Imagine sitting in a Mediterranean garden — the sun on your face and the scent of lavender filling the air. You only have to inhale the perfume fragrance of lavender to become a lover. Lavender evokes calm and awakens the senses.
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Its lovely fragrance, its drought tolerance, its ability to grow in sunny, rocky habitats and poor soils makes it a wonderful addition to El Dorado County gardens. Plus, it attracts bees, beneficial insects, birds and butterflies.
No gardener could miss the beauty of lavender, however, most are unaware of the diversity of colors, shapes and sizes, the genus lavendula produces. Faced with an array of more than 40 named varieties, it’s no wonder it’s difficult to decide which to choose.
When purchasing lavender plants, choose those plants where the botanical name is identified. There are three hardy lavender varieties to showcase in county gardens: Lavandula angustifolia (English, true lavender), Lavandula x intermedia (Lavandins, English lavender) and Lavender stoechas (Spanish).
L. angustifolia is the hardiest of all the lavenders, has the broadest color range of all species, has mostly grey-green, narrow leaves and a fruity spicy delicate scent.
Preferred for its aroma and for culinary purposes, L.angustifolia tends to be the shorter, more compact plant and blooms earlier than the Lavendins.
Popular angustifolias are the famous deep purple blooms of hidcote, dark blue blooms of lodden blue and the pastel pink of Melissa and Jean Davis. Prune in spring or fall.
L. x intermedia is a hybrid cross of L. angustifolia with L. latifolia. It has long-stemmed flowers with thick flower spikes and two secondary flower clusters below the primary one. Some common L. x intermedias are Fred boutin’, grosso, Provence, seal and white spike. Prune only in fall for blooms.
L. stoechas is very showy with compressed barrel shaped flowers, topped by colorful butterfly winged-like bracts. Stoechas will make your garden hum, blooming profusely in early spring and attracting pollinators to fruit and nut trees. When finished blooming, give it a good pruning. Although not preferred in the kitchen, stoechas’ piney fragrance makes it an exceptional landscape plant. Favorite stoechas are purple Otto quast, red kew red, blue/white blueberry ice and pink tickled pink.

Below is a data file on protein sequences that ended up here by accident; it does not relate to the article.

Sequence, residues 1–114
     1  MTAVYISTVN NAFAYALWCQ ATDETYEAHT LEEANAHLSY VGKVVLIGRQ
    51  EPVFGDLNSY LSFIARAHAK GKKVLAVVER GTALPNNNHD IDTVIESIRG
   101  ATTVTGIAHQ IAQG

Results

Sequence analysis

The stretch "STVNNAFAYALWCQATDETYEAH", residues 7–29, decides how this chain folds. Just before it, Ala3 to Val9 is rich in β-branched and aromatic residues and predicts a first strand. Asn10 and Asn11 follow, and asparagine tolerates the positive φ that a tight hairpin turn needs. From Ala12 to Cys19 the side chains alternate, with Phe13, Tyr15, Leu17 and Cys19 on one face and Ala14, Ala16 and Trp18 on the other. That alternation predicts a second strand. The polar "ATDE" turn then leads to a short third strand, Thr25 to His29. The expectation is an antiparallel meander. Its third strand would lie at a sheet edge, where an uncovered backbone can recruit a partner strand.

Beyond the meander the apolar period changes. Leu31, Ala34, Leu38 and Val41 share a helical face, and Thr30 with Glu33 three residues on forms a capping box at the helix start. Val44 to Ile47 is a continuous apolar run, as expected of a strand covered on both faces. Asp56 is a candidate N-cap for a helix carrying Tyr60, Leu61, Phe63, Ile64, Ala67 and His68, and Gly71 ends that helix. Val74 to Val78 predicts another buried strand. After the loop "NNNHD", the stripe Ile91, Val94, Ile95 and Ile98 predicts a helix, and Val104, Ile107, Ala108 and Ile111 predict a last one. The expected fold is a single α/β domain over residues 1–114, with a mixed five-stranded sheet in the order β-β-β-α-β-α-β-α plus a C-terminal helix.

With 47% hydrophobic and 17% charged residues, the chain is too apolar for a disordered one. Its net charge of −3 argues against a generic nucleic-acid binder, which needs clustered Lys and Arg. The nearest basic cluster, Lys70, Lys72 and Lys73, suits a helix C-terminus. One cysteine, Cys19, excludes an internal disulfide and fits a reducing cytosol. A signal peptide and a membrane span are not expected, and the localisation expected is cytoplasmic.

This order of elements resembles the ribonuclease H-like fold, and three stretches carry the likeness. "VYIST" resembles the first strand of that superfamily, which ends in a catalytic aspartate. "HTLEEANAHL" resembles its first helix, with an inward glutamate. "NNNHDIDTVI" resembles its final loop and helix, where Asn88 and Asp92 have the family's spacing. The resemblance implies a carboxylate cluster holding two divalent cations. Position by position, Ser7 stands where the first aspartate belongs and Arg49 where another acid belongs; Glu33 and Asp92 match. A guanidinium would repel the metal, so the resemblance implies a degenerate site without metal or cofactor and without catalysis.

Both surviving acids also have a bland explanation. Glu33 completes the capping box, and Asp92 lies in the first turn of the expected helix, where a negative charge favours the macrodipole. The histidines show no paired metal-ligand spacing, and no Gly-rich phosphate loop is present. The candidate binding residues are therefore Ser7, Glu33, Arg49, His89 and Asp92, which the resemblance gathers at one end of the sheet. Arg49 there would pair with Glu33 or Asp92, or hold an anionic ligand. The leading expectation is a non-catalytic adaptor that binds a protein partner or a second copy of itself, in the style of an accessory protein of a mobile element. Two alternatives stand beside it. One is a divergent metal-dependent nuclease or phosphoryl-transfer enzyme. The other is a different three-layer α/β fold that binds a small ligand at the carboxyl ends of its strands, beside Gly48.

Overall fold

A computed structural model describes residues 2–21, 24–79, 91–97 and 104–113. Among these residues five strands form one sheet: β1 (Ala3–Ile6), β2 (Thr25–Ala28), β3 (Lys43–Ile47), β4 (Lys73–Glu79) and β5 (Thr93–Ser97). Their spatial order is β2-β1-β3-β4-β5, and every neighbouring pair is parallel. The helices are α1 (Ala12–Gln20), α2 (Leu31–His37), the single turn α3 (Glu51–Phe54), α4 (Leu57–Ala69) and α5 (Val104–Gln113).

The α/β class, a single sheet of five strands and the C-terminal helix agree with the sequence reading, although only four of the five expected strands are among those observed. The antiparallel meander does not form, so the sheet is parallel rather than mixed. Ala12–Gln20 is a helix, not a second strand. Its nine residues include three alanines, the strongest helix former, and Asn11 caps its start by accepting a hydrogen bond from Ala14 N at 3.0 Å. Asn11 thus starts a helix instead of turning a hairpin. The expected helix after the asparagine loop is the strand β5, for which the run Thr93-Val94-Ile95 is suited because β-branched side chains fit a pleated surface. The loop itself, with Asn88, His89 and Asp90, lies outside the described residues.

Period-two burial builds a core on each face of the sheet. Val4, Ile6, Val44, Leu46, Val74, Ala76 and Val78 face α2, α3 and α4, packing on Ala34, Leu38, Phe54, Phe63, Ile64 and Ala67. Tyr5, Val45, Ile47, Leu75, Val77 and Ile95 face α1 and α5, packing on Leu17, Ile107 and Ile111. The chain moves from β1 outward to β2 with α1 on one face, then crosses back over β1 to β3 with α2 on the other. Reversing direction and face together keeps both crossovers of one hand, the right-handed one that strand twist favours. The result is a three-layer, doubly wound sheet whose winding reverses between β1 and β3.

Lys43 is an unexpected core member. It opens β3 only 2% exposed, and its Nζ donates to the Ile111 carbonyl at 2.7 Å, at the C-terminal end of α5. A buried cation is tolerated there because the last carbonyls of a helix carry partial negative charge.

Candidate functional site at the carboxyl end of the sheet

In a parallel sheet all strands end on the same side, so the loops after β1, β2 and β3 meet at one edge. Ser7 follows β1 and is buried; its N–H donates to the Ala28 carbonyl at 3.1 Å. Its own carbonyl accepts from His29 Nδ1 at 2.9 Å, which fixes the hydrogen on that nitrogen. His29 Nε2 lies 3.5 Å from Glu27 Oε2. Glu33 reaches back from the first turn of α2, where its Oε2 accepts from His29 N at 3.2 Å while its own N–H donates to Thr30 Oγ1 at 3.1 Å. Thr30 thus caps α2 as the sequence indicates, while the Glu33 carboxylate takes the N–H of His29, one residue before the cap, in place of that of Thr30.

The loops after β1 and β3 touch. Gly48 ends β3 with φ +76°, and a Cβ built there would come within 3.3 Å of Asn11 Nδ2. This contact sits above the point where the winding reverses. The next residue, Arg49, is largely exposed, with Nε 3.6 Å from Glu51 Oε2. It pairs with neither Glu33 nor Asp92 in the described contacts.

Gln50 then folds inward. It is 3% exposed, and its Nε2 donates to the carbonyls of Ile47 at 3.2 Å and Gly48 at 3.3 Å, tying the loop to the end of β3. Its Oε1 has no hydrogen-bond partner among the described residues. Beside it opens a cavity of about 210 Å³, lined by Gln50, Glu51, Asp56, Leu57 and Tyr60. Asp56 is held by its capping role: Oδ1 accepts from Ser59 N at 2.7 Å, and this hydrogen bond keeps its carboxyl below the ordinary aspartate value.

Lavenders need full sun (6 hours) a day and sandy, well-drained soil to thrive. Optimum exposure to heat and sun will result in more fragrant blooms.
Amend EDC soil with compost to help break up the red clay. A rule of thumb is to amend the garden soil in the planting area with equal parts of sand and organic compost. Mulch lavenders with white rock or pea gravel (3/8 inch). Barks and wood chips can promote disease.
Some believe that the reflection from white rock creates heat for the plant. Keep mulch away from the stem. Fertilizer is rarely required when organic matter is used in planting hole.
During their first and second years they need regular water, especially during summer heat and fall drought. Lavenders can be drought resistant after they come to maturity and are well established.
Avoid overhead watering to prevent root rot. Lavenders cannot tolerate “wet feet.” Providing good air circulation between plants is a must. Pinch, prune and harvest lavenders to keep plants well shaped and to encourage new growth. Annual pruning can also avoid woody centers. Prune no more than 1/3 of the plant.
Harvesting lavender is one of the most enjoyable activities a gardener can experience. Harvest flower stems in the morning after dew evaporation. To keep the entire flower spike intact, cut when the first two flowers have opened. Hang tied bunches of lavender in a dry, dark place with good ventilation or individual stems across drying screen.
For those who don’t have planting areas, lavender can thrive in pots. Lavender prefers a tight living space, a container that can accommodate the rootball with several inches to spare. Too large a container encourages excessive dampness. Water the containers year-round.
Both lavender flowers and foliage are fragrant. Lavender can be used for cooking, cut flowers, fragrance and potpourri mixtures. When given as a gift, lavender flowers represent luck, purity and silence, a message of devotion.
Lavenders can brighten a garden for 10 plus years. Never hesitate to replace old woody plants.
Master Gardeners are available to answer home gardening questions Tuesday through Friday, 9 a.m. to noon by calling 530-621-5512. Walk-ins are welcome. The office is located at 311 Fair Lane in Placerville.
For more information about the public education classes and activities, go to the Master Gardener Website at ucanr.org/sites/EDC_Master_Gardeners/. Sign up to receive online notices and e-newsletter at ucanr.org/mgenews/. Master Gardeners is also on Facebook.